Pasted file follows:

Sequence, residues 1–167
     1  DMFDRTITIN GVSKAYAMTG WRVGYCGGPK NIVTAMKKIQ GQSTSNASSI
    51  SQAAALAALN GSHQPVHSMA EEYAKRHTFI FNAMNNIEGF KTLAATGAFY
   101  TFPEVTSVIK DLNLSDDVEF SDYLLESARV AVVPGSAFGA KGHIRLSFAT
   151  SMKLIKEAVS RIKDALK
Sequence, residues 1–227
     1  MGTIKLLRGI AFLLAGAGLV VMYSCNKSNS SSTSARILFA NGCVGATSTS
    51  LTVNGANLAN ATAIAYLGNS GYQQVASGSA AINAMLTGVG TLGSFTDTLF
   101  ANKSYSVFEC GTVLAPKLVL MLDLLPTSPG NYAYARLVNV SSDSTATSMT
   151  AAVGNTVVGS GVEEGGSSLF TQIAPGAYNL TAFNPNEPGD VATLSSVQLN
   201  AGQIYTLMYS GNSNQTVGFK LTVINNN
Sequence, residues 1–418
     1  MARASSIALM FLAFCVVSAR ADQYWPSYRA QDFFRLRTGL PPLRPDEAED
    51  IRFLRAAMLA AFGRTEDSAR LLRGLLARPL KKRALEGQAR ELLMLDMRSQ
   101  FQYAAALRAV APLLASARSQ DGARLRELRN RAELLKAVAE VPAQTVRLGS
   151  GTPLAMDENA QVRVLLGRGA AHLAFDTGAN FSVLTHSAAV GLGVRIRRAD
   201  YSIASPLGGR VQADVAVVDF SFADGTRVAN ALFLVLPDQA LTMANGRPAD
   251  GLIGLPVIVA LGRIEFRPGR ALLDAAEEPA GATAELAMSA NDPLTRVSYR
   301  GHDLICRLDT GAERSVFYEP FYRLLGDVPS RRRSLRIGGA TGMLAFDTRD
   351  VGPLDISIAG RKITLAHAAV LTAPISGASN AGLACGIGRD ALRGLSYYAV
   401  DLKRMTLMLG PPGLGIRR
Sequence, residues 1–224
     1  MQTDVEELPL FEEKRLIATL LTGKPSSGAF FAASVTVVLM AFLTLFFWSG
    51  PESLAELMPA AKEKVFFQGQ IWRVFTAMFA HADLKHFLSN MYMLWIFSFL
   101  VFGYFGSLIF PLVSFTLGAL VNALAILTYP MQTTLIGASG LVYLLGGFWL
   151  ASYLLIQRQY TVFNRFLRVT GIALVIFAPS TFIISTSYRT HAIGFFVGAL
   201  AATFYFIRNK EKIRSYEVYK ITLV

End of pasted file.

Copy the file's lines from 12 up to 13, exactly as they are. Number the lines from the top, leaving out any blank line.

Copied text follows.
Sequence, residues 1–418
     1  MARASSIALM FLAFCVVSAR ADQYWPSYRA QDFFRLRTGL PPLRPDEAED